About the CRC Program

The Australian Government’s Cooperative Research Centre (CRC) Program supports industry-led research collaborations between industry, researchers and the community.

The Program
aims to:

  • Improve the competitiveness, productivity and sustainability of Australian industries, especially where Australia has a competitive strength, and in line with Government priorities.
     

  • Foster high quality research to solve industry-identified problems through industry-led and outcome focussed collaborative research partnerships between industry entities and research organisations.
     

  • Encourage and facilitate small and medium (SME) participation in collaborative research.
     

  • Since its inception in 1990, the CRC Program has committed $4.6 billion in funding to support the establishment of 221 CRC Grants and 76 CRC-P Grants - a total of 297 collaborations funded over the program’s lifetime.

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What is a CRC

Upon a successful bid outcome, a CRC is established as an incorporated entity. It is formed through a collaboration of partner organisations from research, industry, government and not-for-profit sectors, with somewhere between 20 to 60+ partners. CRCs will be awarded funding for up to ten years, with an average of $44.5 million awarded per CRC over the last three rounds. Partner contributions add to the value of the CRC, and are typically three to four times the value of Commonwealth funding.
 

Partners in a CRC undertake research and development activities which lead to economic, social and environmental impacts. CRCs provide partnering companies - multinationals to SMEs - with a unique and attractive proposition. These partners can access the best research team in Australia via a single entity (the CRC) for R&D that delivers solutions on major industry challenges; and gear the R&D costs with funds from the Commonwealth and research providers who are sharing the risks, and the returns.
 

The CRC must have an education and training program, which will focus on industry and vocational training as well as the mandatory PhD program. CRCs also provide the community with access to public good IP, resources such as technical guidance reports, and evidence to inform policy decisions.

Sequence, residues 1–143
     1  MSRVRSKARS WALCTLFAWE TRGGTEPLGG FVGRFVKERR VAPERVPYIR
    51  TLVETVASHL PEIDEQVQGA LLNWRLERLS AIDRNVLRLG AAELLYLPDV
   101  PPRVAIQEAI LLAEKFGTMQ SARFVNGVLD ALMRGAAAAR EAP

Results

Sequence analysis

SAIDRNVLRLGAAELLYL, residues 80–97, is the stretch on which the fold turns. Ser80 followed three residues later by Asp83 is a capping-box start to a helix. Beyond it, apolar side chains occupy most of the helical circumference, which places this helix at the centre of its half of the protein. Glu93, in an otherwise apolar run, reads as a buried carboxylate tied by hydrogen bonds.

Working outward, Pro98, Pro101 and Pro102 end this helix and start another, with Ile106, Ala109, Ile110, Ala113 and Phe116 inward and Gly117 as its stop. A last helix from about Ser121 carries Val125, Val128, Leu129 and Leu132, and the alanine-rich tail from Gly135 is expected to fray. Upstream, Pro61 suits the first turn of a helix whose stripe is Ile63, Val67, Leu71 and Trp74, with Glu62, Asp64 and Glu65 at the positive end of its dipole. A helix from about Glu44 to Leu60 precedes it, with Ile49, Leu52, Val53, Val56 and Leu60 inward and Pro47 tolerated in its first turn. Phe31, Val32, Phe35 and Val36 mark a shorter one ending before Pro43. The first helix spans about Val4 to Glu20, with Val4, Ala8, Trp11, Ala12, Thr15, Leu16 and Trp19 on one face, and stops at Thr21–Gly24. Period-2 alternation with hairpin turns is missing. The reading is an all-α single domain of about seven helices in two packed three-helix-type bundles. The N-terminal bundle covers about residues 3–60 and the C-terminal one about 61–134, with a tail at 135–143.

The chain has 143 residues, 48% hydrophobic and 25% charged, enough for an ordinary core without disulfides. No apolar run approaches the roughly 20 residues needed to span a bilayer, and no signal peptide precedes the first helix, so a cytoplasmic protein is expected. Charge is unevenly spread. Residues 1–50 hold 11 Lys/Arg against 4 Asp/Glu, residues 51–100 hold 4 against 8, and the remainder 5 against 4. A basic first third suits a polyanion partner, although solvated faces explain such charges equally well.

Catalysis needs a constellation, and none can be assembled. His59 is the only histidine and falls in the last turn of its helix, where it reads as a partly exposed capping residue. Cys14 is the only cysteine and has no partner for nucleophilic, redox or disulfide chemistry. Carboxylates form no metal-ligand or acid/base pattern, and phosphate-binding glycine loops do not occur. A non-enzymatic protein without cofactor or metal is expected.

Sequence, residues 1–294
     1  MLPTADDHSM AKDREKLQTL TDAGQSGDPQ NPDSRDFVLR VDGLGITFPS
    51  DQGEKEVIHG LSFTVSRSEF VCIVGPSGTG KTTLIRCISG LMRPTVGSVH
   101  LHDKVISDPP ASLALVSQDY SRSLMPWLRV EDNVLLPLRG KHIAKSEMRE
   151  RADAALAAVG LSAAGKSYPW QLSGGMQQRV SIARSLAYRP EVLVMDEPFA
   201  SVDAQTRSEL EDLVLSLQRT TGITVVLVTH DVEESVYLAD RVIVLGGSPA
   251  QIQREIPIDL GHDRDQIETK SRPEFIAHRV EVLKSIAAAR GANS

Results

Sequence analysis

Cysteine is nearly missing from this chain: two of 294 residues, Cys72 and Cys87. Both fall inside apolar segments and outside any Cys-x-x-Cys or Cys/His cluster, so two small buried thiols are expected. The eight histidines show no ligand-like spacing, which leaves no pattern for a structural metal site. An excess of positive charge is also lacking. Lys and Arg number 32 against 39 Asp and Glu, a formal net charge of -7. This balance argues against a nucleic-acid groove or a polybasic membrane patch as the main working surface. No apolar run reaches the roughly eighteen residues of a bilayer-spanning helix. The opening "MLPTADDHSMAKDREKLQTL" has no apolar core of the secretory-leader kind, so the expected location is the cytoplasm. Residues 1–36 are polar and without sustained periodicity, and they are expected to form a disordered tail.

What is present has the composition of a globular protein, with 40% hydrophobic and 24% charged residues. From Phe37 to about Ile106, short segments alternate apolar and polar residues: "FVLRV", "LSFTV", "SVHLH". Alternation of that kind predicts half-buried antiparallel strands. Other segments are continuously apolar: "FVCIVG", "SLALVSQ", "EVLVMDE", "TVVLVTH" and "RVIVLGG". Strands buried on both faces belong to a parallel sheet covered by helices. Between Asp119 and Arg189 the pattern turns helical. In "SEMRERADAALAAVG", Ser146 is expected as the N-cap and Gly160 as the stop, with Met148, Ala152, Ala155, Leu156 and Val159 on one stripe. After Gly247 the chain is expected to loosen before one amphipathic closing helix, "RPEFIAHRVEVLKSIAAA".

The CRC is actively managed by a CRC management team and fully independent / majority independent Board.

Research partners are funded to deliver research projects that provide solutions to industry challenges.

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CRC Round 24 dates

Tentative timeline for Round 24 CRC grant applications:

  • Stage 1 close September 2022

  • Stage 2 open December 2022

  • Stage 2 close February 2023

  • Interviews to be held March 2023

  • Outcomes announced May 2023

  • Funding commences second half of 2023

CRC Benefits

The CRC Association webpage provides an overview of broader CRC benefits, summarised below.
 

CRCs assemble multidisciplinary teams from research providers to address end user driven research. They collaborate across all sectors (Industry, Academia, State Government, Consumers and Industry Associations) and create a critical mass in their field. No other Australian Government program does that!
 

Industry can deal through one organisation, the CRC, which can assemble the best teams in Australia to develop the technology that the company needs, manage the process professionally to deliverables and gear it with funds from the Commonwealth.
 

CRCs are managed to deliver impacts not just publications, and are held to account to deliver.
 

The stability of funding provides certainty for the research partners and also for the end- user partners.
 

CRCs provide research management skills and discipline. This helps ensure the research is managed to a high standard.
 

The level of governance is a real strength. The overall activities are actively managed by the CRC management team and Board to maximise the national benefits. This includes terminating, redirecting or accelerating projects in a way that is not part of the culture of most other programs.

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CRCs provide a mechanism for realising unanticipated commercial opportunities, i.e. in cases where technologies have applications beyond the interests of the commercial partners, the CRC can pursue these through the creation of spin off companies, licenses etc.
 

CRCs play an important role in bridging the gap between discovery research funded by NHMRC and ARC grants and the requirements of industry for commercialisation-ready innovations.
 

CRCs foster “hands-on” learning. Although they are heavily focused on postgraduate education, and thereby providing training for very highly skilled professionals, CRCs are involved, to differing extents, at all levels of the education and training system.
 

CRCs encourage innovation through their interaction and reach with small and medium size enterprises.